A while back, I had a head of cabbage in the fridge that needed to be used, so I consulted How To Cook Everything Vegetarian and turned it into Wheat Berry Salad with Cabbage and Coarse Mustard.  I added celery per Bittman’s suggest and beans for protein, and used less oil than the recipe called for.  I really liked this salad but thought the red onions were overpowering; I ended up picking them out of the leftovers.  I really need to make more recipes from this cookbook!

Bad picture of a great salad – Caesar Salad with Eggplant Bacon from Appetite for Reduction, topped with broiled blackened tofu.  I didn’t have bread to make the croutons, so I toasted some tortilla strips instead.  I super duper love this salad!  The eggplant bacon is fantastic, and the Cesar Chavez dressing has become my go-to dressing, as I always have the ingredients on hand.

Orange-strawberry salad with fava beans, pea shoots, avocado-lemon-poppy seed dressing and almonds.  I had really high hopes for this salad but the dressing was, sadly, just okay.

Onto the shrimps!  Seafood was the very last meat I gave up before going vegetarian, and I had a rough time of it.  I really liked shrimp and tuna!  I haven’t craved seafood for a really long time, but I think it’s fun to eat mock seafoods every once in a while.

Dave wanted some noodle soup one Sunday afternoon, so I made a sort of combination of this recipe and pho.  I had a package of vegetarian prawns in the freezer for a long time, so I tossed it into my portion.


The prawns were interesting – the flavor was good, but they were really big and very chewy.  Strange, for sure.

What were not strange were these breaded vegan shrimp from Sophie’s Kitchen.  Imagine my delight when I spotted an assortment of new vegan seafood in the Whole Foods freezer!  I had to try it.

These breaded vegan shrimp are similar to the prawns above in taste and texture, but because they’re smaller they’re less chewy and weird.  And, they’re breaded, and, the breading stays on!  I really liked these shrimp and will definitely purchase products from Sophie’s Kitchen again.

Lastly, I realized it’s been a long time since I posted any pictures of Jake the handsomest cat, so here you go.

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On The Road Again, Part II

For the second leg of our tour, we were away from home for four nights.  This was the part where I got to go to Portland for the first time, and I was pretty excited for that!  We got up Monday morning and headed for Eureka, CA.  Once you get past Santa Rosa there is really not very much on the way, so my lunch was what I could scrounge up at the freeway corner store.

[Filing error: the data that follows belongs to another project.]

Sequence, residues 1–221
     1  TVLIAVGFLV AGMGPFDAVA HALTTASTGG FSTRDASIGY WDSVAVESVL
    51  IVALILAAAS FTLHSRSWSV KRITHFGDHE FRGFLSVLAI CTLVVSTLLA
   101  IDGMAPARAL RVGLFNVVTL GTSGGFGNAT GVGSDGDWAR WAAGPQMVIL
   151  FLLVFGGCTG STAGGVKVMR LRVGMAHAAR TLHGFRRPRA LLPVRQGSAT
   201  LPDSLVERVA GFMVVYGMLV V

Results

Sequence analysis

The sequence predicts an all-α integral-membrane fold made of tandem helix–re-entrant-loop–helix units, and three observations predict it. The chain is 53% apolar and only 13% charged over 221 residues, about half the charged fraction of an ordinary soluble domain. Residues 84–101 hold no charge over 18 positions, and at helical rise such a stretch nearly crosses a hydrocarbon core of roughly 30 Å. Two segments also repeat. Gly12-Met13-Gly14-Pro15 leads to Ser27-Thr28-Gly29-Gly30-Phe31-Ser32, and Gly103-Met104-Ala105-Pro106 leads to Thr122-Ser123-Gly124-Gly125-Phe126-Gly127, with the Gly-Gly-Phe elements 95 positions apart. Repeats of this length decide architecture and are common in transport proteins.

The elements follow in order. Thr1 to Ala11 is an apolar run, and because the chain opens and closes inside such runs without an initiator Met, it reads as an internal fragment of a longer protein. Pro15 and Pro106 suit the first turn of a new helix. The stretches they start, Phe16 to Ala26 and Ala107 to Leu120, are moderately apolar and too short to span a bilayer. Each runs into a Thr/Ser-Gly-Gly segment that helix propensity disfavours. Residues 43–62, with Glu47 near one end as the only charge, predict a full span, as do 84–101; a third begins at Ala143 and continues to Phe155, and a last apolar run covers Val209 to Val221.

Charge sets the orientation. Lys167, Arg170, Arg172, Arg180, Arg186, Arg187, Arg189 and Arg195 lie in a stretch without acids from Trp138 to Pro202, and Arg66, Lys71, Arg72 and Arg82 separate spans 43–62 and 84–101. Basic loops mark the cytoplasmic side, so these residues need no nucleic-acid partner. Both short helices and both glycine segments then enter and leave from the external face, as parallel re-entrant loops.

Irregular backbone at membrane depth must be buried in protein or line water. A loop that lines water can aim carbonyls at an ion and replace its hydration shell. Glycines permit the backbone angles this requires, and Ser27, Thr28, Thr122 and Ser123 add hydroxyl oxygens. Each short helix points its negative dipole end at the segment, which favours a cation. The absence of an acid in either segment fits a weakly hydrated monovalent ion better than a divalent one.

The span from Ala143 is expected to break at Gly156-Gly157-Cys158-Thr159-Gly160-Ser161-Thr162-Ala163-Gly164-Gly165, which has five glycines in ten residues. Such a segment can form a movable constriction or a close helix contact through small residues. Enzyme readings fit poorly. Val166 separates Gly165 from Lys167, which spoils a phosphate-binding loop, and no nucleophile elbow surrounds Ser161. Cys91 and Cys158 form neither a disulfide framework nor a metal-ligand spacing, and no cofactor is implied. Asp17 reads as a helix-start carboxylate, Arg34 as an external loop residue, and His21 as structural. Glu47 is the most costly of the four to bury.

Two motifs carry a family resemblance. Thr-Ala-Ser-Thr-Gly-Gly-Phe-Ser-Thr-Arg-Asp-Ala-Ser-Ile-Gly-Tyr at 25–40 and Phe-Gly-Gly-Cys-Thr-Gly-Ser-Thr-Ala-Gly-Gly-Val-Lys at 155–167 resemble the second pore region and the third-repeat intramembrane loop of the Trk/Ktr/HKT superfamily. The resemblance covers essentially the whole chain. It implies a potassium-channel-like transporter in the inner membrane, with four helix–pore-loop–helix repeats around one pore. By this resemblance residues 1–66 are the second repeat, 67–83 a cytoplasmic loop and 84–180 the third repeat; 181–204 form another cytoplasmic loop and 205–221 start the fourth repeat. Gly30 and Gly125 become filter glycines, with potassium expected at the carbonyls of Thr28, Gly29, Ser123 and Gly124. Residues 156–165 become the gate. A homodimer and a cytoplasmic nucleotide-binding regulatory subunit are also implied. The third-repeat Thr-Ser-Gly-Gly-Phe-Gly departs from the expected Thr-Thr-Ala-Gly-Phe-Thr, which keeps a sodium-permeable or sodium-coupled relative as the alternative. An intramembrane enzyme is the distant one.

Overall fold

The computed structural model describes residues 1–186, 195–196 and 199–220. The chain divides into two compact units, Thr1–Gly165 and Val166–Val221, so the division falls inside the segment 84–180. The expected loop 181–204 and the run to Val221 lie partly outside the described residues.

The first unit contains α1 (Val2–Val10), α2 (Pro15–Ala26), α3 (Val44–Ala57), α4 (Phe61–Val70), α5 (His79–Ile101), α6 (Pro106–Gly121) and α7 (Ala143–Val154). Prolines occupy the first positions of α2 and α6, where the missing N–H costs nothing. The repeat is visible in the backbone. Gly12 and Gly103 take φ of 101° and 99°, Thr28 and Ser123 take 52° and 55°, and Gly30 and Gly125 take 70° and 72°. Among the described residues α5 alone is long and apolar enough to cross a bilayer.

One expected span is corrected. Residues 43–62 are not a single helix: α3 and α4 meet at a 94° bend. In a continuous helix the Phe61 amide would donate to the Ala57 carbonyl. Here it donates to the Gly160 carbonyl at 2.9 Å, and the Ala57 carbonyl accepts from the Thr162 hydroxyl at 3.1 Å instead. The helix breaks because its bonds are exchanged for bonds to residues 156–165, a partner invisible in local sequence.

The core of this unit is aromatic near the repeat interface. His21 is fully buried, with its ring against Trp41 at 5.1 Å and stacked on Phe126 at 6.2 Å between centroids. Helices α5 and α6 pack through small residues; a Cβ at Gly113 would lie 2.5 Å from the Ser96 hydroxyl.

Yum.  Actually, I had never tried the Naked gold machine before, and it was quite nice.

When we arrived in Eureka it was like a ghost town.  It was Memorial Day, and nothing seemed to be open.  We checked in at the venue, and the bartender recommended that Eureka Natural Foods might be open, mentioning that they had a deli-style area including vegan options.

I had a hard time choosing, so I got a few things.

Hugely stuffed sandwich – horseradish vegenaise, spicy mustard, carrot, cucumber, pickles, tempeh, sprouts, avocado, tomato and lettuce on sprouted wheat bread.  The sandwich guy mentioned that they marinate the tempeh in soy sauce then saute it, and he cooked it again while making the sandwich so that it was nice and crispy.

Curry tofu samosa.  This was fine, but I think it would’ve been better warm.

Corn chowder, with carrot, potato and cauliflower too.  It was rainy outside, and the soup was hot, well-seasoned and comforting.

I’m not sure I would purposefully go to Eureka again, but if I did I would make a point to stop at Eureka Natural Foods.  They had a cute little area to eat the prepared foods, and walking around I saw lots of products that I would normally buy.  They had flavors of Zevia I had never seen!

For breakfast the next morning, I tried Artisana’s Cashini Butter.  We had stayed at a Hampton Inn, so I even had the luxury of toasting my english muffin!  Cashini, which is a combo of cashew butter and tahini, is delicious!  It tastes great on its own, but would probably be even better with some jam.  I felt really healthy eating something that said “high in calcium & iron” on the package.

We stopped over for lunch in a random commercial area and settled on Pita Pit.  I lived near a Pita Pit in college and ate it a bunch (admittedly, usually the tuna, before I was vegetarian), so going there is kind of nostalgic for me.  Although they have a new spicy black bean patty which is apparently vegan, I went with the old stand-by of falafel and hummus.

We arrived in Portland and sought out a sports bar to watch the A’s game, and managed to find probably the one restaurant in the city with nothing vegan on the menu.  Even the veggie burger had egg in it.  So, plans changed and we headed down the street to La Sirenita, a taqueria with decent online reviews.

The woman at the counter helped me figure out what was vegan, and I ended up with a very tasty fajita burrito with black beans.  I know the inside of a burrito isn’t very pretty, but this one was good enough to warrant showing!

After dinner we went to the hotel, and I started narrowing down my Portland must-do short list.  We only had one day there, and you can be sure I was planning to make the most of it!